A poor single mother of three, Carolina Maria de Jesus lived in a derelict shack and spent her days scavenging for food for her children, doing odd jobs and collecting paper and bottles. Her diary, written between 1955 and 1960, brought to life the harsh realities faced by thousands of poor Brazilians who arrived in cities like São Paulo and Rio looking for better opportunities. Her daughter, Vera Eunice de Jesus Lima, speaks to Thomas Pappon about how the book changed her family's life. Pict...more

  • When Stalin Rounded Up Soviet Doctors

    Jan 09 2019

    In the last year of his rule Stalin ordered the imprisonment and execution of hundreds of the best Soviet doctors accusing them of plotting to kill senior Communist officials. Several hundred doctors were imprisoned and tortured, many of them died in detention. Professor Yakov Rapoport was among the few survivors of what was known as the 'Doctors' Plot'. His daughter Natasha remembers her family's ordeal in an interview with Dina Newman. Photo: Professor Yakov Rapoport, 1990s. Credit: family a...more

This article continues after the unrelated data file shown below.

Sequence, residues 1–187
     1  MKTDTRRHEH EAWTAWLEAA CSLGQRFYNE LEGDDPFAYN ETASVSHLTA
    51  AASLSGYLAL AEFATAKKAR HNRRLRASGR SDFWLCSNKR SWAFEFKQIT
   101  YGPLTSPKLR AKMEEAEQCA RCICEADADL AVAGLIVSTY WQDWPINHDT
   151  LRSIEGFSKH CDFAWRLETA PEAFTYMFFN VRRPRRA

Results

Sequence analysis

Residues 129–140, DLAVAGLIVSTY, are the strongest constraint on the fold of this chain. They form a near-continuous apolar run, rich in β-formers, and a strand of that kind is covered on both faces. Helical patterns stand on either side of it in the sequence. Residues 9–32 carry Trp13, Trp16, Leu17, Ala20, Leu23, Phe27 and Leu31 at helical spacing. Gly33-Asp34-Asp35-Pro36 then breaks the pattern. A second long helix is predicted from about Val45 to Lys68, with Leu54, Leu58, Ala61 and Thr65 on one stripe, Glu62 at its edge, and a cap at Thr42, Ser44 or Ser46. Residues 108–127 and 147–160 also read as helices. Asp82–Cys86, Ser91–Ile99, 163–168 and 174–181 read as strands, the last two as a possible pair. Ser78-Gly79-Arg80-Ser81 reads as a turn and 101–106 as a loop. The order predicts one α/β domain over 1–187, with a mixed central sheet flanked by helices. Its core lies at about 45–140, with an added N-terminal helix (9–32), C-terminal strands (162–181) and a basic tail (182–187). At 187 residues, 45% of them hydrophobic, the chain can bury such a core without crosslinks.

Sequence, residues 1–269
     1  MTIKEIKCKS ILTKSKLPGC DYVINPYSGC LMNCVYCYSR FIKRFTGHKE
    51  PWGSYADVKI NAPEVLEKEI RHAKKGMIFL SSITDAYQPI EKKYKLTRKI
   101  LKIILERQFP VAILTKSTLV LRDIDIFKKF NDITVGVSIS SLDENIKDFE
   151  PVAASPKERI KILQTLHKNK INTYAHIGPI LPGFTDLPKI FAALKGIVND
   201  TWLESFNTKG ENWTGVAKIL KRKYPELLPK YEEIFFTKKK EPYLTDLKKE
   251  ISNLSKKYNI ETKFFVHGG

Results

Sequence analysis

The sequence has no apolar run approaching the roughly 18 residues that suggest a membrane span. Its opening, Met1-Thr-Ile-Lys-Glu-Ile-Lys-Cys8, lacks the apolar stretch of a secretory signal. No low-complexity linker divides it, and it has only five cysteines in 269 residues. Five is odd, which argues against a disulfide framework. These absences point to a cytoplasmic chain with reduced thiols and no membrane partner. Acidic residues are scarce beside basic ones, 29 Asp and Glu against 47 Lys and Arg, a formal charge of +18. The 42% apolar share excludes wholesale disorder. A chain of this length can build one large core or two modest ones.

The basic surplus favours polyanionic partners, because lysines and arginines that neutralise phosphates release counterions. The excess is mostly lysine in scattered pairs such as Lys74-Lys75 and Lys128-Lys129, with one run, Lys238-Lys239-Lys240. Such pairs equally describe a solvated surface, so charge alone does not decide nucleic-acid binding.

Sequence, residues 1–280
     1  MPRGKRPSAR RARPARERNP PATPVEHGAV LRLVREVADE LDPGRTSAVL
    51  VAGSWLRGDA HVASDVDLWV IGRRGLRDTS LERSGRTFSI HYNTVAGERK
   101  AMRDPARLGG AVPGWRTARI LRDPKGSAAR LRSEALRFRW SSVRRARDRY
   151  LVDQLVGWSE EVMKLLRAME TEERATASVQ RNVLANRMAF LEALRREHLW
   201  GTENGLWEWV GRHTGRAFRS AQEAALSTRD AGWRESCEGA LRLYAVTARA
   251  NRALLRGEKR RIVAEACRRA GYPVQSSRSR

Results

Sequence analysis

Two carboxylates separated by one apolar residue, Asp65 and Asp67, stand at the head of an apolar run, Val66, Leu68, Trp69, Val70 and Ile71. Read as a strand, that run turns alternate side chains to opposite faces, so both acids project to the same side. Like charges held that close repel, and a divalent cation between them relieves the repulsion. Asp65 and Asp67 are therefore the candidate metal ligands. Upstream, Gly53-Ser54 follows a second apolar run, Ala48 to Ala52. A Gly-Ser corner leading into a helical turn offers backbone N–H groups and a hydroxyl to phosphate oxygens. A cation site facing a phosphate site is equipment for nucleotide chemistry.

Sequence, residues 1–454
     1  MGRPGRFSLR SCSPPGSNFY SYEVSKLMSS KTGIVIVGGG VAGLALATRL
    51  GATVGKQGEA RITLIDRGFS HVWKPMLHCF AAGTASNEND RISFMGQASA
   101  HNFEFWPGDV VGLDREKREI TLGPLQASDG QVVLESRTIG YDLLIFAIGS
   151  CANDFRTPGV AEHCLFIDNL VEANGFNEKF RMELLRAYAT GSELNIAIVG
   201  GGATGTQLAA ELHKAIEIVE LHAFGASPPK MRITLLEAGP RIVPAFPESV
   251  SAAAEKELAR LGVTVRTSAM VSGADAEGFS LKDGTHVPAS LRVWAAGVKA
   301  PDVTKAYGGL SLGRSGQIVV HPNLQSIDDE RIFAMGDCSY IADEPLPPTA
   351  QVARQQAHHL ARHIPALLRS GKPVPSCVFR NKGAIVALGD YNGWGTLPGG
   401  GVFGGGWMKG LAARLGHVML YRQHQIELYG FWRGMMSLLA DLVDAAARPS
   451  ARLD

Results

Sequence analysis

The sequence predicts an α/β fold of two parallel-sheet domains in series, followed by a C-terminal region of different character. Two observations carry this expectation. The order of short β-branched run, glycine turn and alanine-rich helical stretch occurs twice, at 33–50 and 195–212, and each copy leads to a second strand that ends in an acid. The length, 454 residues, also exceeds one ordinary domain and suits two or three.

• Fidel Castro Takes Havana

    Jan 08 2019

    On January 8 1959 Fidel Castro and his left wing guerrilla forces marched triumphantly into the Cuban capital, ending decades of rule by the US-backed dictator Fulgencio Batista. It was the beginning of communist rule on the Caribbean island. Mike Lanchin spoke to Carlos Alzugaray, who was a 15-year-old school boy when he joined the crowds in the Cuban capital that turned out to watch the rebel tanks roll into town. (Photo: Fidel Castro speaks to the crowds in Cuba after Batista was forced to f...more

  • The Doomsday Seed Vault

    Jan 07 2019